Starting in August, 2016 our group expanded its interest from purely theoretical work in the field of neuroscience to be capable of generating in-house data used in model creation and validation. Supported by the Wigner Research Group Grant and the Department of Anatomy, Histology and Embryology of Semmelweiss University (SU) we have been setting up an experimental electrophysiology laboratory at SU. Data collection for developing an animal model of cognitive symptoms associated with Schizophrenia started in October and recording of the first of two major datasets was completed in December. Besides collecting original data students are also trained in this newly formed laboratory to learn the necessary techniques to handle data acquisition equipment, work with experimental animals and analyze data.
Using the formal apparatus of concentration inequalities we clarified the asymptotic behaviour of regularity-based model fitting in graphs. We proved that the fitting and model selection procedure converges and gives either optimal result or ends in a result close to the optimal solution.
We applied regularity-based classification of detrended fMRI voxel time series in healthy young adults and have found significant overlaps in partitions corresponding to resting and 2-back states, suggesting task-related structured activity in the resting state.
1. Bruck P, Réthy I, Szente J, Tobochnik J, Érdi P: Recognition of emerging technology trends: class-selective study of citations in the U.S. Patent Citation Network. SCIENTOMETRICS 107:(3) 1465-1475 (2016)
2. Érdi P, Bruck P: Patent citation network analysis: Ranking: From web pages to patents. LECT NOTES ARTIF INT 9886 544 (2016) In: 25th International Conference on Artificial Neural Networks, ICANN 2016. Barcelona, Spain,: 06-09-2016 – 09-09-2016
3. Érdi P: Patent citation network analysis: Topology and evolution of patent citation networks. LECT NOTES ARTIF INT 9886 543 (2016) In: 25th International Conference on Artificial Neural Networks, ICANN 2016. Barcelona, Spain,: 06-09-2016 – 09-09-2016
4. Fekete Z, Pálfi E, Márton G, Handbauer M, Bérces Zs, Ulbert I, Pongrácz A, Négyessy L: Combined in vivo recording of neural signals and iontophoretic injection of pathway tracers using a hollow silicon microelectrode. SENSOR ACTUAT B-CHEM 236: 815-824 (2016)
5. Kamalaldin K, Salome A, Érdi P: Modelling ebola. SCI PROG 99:(2) 200-219 (2016)
6. Kantor O, Mezey S, Adeghate J, Naumann A, Nitschke R, Enzsoly A, Szabo A, Lukats A, Nemeth J, Somogyvari Z, Volgyi B: Calcium buffer proteins are specific markers of human retinal neurons. CELL TISSUE RES 365:(1) 29-50 (2016)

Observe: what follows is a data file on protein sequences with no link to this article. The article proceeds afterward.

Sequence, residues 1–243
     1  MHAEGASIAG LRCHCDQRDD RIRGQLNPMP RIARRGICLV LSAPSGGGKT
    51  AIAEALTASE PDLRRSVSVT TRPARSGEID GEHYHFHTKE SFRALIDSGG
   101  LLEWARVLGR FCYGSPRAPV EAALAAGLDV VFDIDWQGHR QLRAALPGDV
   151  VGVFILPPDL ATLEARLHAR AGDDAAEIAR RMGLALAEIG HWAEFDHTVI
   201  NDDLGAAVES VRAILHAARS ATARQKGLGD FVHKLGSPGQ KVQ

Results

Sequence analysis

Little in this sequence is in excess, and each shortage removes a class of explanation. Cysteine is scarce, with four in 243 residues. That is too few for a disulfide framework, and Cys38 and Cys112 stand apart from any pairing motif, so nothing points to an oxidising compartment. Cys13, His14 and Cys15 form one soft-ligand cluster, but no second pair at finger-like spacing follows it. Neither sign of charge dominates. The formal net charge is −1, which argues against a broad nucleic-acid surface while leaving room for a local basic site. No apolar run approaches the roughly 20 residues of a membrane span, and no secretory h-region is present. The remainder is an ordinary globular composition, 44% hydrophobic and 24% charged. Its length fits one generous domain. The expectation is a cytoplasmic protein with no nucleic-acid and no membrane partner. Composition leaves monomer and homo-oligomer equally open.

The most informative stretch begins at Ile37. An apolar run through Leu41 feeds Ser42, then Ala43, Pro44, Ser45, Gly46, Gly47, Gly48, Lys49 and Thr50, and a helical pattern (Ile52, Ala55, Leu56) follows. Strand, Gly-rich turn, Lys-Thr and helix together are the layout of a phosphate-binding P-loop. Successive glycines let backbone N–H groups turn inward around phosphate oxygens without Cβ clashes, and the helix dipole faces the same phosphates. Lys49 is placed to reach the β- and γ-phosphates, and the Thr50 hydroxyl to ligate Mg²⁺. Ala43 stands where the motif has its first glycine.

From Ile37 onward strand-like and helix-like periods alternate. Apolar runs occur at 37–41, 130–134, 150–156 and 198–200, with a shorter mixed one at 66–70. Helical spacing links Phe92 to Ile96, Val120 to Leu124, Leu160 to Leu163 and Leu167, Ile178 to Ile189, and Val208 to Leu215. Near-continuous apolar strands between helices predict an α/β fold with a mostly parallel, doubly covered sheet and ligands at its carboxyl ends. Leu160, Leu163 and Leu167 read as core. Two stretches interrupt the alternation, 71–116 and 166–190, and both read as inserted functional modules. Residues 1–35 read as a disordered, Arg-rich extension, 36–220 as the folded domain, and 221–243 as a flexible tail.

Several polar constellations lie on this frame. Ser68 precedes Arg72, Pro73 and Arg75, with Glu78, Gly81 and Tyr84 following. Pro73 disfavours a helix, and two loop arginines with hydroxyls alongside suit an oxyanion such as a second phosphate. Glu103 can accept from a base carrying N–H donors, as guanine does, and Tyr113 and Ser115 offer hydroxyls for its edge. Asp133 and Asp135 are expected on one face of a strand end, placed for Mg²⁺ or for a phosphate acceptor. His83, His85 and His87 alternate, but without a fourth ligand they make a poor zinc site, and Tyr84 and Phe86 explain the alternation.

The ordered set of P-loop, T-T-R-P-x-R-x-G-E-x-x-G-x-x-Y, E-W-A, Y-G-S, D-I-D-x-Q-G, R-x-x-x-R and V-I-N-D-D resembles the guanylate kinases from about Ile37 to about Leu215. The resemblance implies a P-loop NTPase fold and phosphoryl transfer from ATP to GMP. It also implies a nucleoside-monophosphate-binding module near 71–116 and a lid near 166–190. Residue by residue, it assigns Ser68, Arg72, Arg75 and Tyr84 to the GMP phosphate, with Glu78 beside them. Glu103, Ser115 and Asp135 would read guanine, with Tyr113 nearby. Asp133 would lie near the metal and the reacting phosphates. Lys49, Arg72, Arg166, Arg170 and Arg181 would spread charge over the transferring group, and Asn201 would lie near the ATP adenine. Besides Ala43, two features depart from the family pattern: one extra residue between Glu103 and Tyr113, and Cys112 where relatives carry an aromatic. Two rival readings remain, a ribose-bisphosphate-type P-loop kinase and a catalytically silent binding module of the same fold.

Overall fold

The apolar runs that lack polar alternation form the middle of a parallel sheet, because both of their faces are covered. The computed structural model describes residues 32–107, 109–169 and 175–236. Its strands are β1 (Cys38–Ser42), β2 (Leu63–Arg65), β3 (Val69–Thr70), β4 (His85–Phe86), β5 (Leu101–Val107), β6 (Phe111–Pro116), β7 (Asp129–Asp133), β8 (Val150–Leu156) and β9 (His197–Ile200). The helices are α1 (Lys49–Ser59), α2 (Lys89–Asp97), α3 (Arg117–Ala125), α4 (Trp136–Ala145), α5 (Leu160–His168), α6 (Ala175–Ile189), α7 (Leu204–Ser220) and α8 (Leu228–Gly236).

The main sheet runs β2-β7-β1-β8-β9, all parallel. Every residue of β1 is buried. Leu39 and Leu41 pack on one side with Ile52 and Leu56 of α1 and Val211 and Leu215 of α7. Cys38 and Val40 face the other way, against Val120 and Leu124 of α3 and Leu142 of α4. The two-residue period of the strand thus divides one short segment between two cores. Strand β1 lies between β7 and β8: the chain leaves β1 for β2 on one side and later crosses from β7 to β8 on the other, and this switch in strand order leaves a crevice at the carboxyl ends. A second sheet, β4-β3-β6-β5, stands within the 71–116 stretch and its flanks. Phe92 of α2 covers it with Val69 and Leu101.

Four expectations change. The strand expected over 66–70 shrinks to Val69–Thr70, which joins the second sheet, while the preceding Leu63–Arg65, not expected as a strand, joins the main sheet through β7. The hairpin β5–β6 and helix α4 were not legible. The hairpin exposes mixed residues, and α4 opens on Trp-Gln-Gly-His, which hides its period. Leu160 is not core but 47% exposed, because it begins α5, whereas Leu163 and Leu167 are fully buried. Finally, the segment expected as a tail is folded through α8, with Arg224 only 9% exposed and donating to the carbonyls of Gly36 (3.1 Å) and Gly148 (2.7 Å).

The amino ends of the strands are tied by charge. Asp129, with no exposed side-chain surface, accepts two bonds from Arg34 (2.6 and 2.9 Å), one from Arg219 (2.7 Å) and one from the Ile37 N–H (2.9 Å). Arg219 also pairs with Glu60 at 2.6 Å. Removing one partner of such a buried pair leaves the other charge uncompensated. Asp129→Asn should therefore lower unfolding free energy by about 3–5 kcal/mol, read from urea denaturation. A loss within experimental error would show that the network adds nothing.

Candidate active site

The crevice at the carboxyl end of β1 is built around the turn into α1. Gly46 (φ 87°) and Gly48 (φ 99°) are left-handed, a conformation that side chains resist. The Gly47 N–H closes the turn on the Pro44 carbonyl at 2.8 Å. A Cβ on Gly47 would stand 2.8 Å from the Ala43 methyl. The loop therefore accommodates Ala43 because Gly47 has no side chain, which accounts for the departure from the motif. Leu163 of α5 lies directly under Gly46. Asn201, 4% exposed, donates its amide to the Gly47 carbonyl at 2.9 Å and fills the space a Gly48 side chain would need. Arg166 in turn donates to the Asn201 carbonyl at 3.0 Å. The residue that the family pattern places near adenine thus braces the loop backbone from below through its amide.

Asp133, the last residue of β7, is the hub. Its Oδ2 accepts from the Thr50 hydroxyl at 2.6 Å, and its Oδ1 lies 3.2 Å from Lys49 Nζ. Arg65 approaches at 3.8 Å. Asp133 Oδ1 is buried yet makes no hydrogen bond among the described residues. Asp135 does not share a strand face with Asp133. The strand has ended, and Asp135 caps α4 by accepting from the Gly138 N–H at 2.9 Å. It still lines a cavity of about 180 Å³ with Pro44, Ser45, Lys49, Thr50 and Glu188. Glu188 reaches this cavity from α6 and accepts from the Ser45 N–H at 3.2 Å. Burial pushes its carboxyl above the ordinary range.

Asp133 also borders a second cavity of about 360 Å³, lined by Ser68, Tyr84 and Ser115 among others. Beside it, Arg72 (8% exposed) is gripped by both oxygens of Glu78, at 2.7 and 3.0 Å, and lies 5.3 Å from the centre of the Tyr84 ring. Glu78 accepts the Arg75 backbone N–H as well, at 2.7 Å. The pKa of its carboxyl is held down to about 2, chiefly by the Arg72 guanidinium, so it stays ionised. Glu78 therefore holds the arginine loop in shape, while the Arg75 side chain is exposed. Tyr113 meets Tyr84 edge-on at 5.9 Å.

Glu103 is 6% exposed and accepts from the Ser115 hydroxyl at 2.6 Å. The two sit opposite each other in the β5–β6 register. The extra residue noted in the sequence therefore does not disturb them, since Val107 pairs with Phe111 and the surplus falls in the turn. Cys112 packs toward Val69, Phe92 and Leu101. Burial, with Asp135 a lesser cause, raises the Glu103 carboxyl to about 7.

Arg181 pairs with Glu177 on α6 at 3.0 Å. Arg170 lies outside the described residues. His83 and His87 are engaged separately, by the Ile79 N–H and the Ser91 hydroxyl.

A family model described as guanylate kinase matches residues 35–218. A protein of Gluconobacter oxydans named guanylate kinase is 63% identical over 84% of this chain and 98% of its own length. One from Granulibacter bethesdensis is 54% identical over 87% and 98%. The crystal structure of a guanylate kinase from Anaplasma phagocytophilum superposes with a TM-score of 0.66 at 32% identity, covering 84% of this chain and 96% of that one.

7. Kantor O, Benko Z, Enzsoly A, David C, Naumann A, Nitschke R, Szabo A, Palfi E, Orban J, Nyitrai M, Nemeth J, Szel A, Lukats A, Volgyi B: Characterization of connexin36 gap junctions in the human outer retina. BRAIN STRUCT FUNCT 221: 2963-2984 (2016)
8. Scott L, Kiss T, Kawabe TT, Hajós M: Neuronal network activity in the hippocampus of tau transgenic (Tg4510) mice. NEUROBIOL AGING 37: 66-73 (2016)
9. Érdi P: Kémiai kinetika, ahogy azt látni kell és lehet (Chemical kinetics, as should and can be seen, in Hungarian) ALKALMAZOTT MATEMATIKAI LAPOK 33:(2) 121-128 (2016)
10. Pálfi E, Ashaber M, Palmer C, Friedman RM, Roe AW, Négyessy L: Neuronális összeköttetések a szomatoszenzoros kérgi area 3b és area 1 kézreprezentációs területén főemlősökben (Neuronal connections within the hand representation in areas
3b and 1 of the somatosensory cortex in primates, in Hungarian). ORVOSI HETILAP 157:(33) 1320-1325 (2016)
11. File B, Klimaj Z, Somogyvári Z, Kozák LR, Gyebnár G, Tóth B, Kardos Z, Ulbert I, Molnár M: Age-related changes of the representative modular structure in the brain. In: Proc. 6th International Workshop on Pattern Recognition in Neuroimaging, PRNI Trento, Italy, 2016 22-06-2016 – 24-06-2016. IEEE, Seattle, (ISBN:9781467365307) Paper 7552346, pp. 1-4, 2016
12. Érdi P, Bányai M: Introduction to cognitive systems. In: Angelov (ed.): Handbook on
Computational Intelligence. Singapore: World Scientific (ISBN:978-981-4675-00-0) pp.
13. Somogyvári Z, Érdi P: Forward and backward modelling: from single cells to neural
population and back. In: Kozma R, Freeman WJ (eds.): Cognitive Phase Transitions in
the Cerebral Cortex - Enhancing the Neuron Doctrine by Modeling Neural Fields.
(Studies in Systems, Decision and Control; 39) Springer International Publishing.
(ISBN:9783319244068) pp. 135-146, 2016.
14. Somogyvári Z, Zalányi L: Biofizika (Biophysics, in Hungarian). In: Simon-Székely Attila
(ed.): Lélekenciklopédia: A lélek szerepe az emberiség szellemi fejlődésében. Budapest:
Gondolat Kiadó, (ISBN:978 963 693 710 2) pp. 355-374 (2016).